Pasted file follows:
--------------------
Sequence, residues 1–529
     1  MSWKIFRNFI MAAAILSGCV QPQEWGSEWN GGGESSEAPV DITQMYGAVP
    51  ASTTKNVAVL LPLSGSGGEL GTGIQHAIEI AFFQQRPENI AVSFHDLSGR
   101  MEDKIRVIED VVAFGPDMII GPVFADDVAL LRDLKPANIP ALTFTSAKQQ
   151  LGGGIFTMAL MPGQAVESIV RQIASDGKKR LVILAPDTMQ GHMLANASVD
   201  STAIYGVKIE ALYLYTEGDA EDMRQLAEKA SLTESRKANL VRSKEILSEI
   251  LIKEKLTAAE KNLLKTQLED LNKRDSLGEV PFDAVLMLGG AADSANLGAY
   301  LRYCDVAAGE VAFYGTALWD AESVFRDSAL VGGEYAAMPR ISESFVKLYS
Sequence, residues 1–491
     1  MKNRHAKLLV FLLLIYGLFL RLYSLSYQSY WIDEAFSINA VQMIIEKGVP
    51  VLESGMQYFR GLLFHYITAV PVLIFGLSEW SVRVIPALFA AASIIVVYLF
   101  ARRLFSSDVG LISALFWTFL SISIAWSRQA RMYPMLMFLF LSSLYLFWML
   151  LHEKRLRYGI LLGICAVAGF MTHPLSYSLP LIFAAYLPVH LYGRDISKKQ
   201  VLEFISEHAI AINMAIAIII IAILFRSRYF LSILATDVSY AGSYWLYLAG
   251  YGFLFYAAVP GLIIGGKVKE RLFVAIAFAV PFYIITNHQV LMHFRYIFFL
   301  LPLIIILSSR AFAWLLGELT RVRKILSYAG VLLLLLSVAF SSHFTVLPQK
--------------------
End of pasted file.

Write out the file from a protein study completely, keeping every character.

Sequence, residues 1–529
     1  MSWKIFRNFI MAAAILSGCV QPQEWGSEWN GGGESSEAPV DITQMYGAVP
    51  ASTTKNVAVL LPLSGSGGEL GTGIQHAIEI AFFQQRPENI AVSFHDLSGR
   101  MEDKIRVIED VVAFGPDMII GPVFADDVAL LRDLKPANIP ALTFTSAKQQ
   151  LGGGIFTMAL MPGQAVESIV RQIASDGKKR LVILAPDTMQ GHMLANASVD
   201  STAIYGVKIE ALYLYTEGDA EDMRQLAEKA SLTESRKANL VRSKEILSEI
   251  LIKEKLTAAE KNLLKTQLED LNKRDSLGEV PFDAVLMLGG AADSANLGAY
   301  LRYCDVAAGE VAFYGTALWD AESVFRDSAL VGGEYAAMPR ISESFVKLYS
Sequence, residues 1–491
     1  MKNRHAKLLV FLLLIYGLFL RLYSLSYQSY WIDEAFSINA VQMIIEKGVP
    51  VLESGMQYFR GLLFHYITAV PVLIFGLSEW SVRVIPALFA AASIIVVYLF
   101  ARRLFSSDVG LISALFWTFL SISIAWSRQA RMYPMLMFLF LSSLYLFWML
   151  LHEKRLRYGI LLGICAVAGF MTHPLSYSLP LIFAAYLPVH LYGRDISKKQ
   201  VLEFISEHAI AINMAIAIII IAILFRSRYF LSILATDVSY AGSYWLYLAG
   251  YGFLFYAAVP GLIIGGKVKE RLFVAIAFAV PFYIITNHQV LMHFRYIFFL
   301  LPLIIILSSR AFAWLLGELT RVRKILSYAG VLLLLLSVAF SSHFTVLPQK